Janesville57.8°

Businessman claims first-year solar savings of about $850 on bills

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JAMES P. LEUTE
September 23, 2011
— Jim Erickson glows as he reflects on the first-year numbers generated by a solar panel installation at his commercial office building on Janesville’s west side.

Placed into service in August 2010, the 48-panel roof-mounted system saved Erickson 7,149 kilowatt hours of electricity when compared to a similar time period for the previous year.


While that savings translated into more than $850 in Erickson’s pocket, the Janesville businessman takes more pride in knowing that his building is leaving a green legacy that will benefit his heirs.


Erickson’s goal for the building at 3618 Ridge Drive is to produce as close to 100 percent of the building’s electricity needs as possible. In its first year of operation, the system produced 11,500 kilowatt hours, 7 percent more than originally expected.


“This is an outstanding result,” Erickson said.


Erickson’s results will be on display Saturday, Oct. 1, when the property is part of the 2011 Wisconsin Solar Tour. Several other locations in Janesville and Rock County also are participating.


The tour features nearly 100 sites in the state open for free tours. Sites will showcase advances in energy efficient construction, new products, sustainable landscaping and renewable energy technologies.


“The tour demonstrates that renewable energy is practical, reliable and affordable in today’s economy,” said Doug Stingle of the Midwest Renewable Energy Association that organizes the annual tour.


“You have the chance to talk with people who live and work with renewable energy and green building features.”


Solar power is by far the Earth’s most available energy source.


By its nature, solar power—the conversion of sunlight into electricity—is an intermittent energy source. It is not always available and is normally supplemented by storage or, in the Erickson’s case, another energy source such as Alliant Energy.


The only significant problem with solar power is installation cost, although that’s been dropping because of technological efficiencies.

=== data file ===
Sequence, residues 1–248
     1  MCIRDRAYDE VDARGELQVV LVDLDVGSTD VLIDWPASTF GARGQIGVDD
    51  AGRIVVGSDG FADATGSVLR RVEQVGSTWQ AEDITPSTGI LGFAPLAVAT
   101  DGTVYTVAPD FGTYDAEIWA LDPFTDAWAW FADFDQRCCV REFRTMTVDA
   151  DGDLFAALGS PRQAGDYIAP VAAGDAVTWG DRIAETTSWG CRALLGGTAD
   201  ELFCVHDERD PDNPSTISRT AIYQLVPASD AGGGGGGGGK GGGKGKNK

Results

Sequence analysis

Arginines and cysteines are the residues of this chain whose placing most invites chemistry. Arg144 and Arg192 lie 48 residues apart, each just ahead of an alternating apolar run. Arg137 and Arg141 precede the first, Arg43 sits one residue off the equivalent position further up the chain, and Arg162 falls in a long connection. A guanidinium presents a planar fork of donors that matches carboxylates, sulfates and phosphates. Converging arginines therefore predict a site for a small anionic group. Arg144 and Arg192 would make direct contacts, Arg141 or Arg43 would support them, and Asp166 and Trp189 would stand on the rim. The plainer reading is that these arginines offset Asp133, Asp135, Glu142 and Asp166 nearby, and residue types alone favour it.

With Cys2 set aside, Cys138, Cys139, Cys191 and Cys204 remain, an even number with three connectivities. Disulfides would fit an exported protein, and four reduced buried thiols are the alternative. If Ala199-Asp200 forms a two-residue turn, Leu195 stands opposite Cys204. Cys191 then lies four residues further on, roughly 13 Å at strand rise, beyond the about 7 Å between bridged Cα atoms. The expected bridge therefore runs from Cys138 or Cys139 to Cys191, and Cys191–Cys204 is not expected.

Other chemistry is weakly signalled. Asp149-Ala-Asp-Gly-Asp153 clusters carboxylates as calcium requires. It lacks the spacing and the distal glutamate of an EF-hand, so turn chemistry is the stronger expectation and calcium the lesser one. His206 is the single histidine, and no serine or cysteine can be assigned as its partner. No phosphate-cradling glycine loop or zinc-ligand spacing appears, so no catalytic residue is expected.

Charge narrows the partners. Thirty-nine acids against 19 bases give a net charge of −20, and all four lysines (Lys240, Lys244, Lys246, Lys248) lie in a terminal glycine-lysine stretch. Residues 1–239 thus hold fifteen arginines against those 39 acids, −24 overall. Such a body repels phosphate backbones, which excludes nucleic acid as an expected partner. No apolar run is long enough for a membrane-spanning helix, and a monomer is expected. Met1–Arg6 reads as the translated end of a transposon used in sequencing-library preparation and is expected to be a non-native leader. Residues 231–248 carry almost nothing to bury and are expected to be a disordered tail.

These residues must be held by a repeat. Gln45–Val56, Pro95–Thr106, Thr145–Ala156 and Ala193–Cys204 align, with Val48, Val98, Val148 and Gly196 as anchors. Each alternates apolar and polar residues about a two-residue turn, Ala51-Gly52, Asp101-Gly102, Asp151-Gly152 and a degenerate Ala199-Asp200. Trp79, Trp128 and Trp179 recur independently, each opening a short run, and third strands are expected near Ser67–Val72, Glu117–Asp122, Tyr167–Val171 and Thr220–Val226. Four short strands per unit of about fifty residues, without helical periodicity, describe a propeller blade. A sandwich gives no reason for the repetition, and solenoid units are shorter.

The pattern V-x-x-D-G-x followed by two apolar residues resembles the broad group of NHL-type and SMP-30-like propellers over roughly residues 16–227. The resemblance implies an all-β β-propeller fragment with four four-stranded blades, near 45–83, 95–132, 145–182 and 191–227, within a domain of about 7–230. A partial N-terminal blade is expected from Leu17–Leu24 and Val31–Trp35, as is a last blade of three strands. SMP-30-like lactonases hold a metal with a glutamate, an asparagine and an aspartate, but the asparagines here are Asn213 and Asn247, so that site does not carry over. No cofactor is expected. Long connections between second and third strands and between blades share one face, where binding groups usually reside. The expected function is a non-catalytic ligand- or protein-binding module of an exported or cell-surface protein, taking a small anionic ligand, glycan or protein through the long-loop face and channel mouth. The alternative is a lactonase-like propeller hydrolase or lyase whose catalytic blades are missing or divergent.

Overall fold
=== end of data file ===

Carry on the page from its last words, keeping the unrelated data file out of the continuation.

For Erickson, the system cost about $66,000, which was reduced by rebates from the federal government and programs such as Focus on Energy.


While the payback will be 10 to 12 years, he’s happy with the immediate reduction in his monthly energy bill, which for the first year averaged about $71 a month.


On occasion, his system has produced excess electricity that he’s been able to sell back to the local power grid to offset his installation costs.


“I’m concerned about payback and everything else, and from a business point of view, that’s important,” he said. “But I’m going to be 83 years old pretty soon, and I can see that the legacy of this is something that I can leave my heirs, and, if they still have the building, they will benefit.


“Plus, I like to do this because it’s fun.”


IF YOU GO

What: 2011 Wisconsin Solar Tour


When: 10 a.m.-4 p.m., Saturday, Oct. 1.


Where: Rock County participants include:


-- Agsun Corp., 1321 S. Jackson St., Janesville. Solar electric.


-- Antech Properties, 3618 Ridge Drive, Janesville. Solar electric.


-- City of Edgerton, 12 Albion St., Edgerton. Solar electric, passive solar design and geothermal.


-- Doug and Karen Zweizig home, 6037 N. Finn Road, Evansville. Solar electric and geothermal.


-- Lyle Ackerman home, 4312 Pheasant Run, Janesville. Solar electric.


-- Patterson Storage, 1012 W. Delavan Drive, Janesville. Solar electric.


-- UW-Rock County, 2909 Kellogg Ave., Janesville. Solar electric.


Cost: Free


For more information: Go online to midwestrenew.org/solartour.

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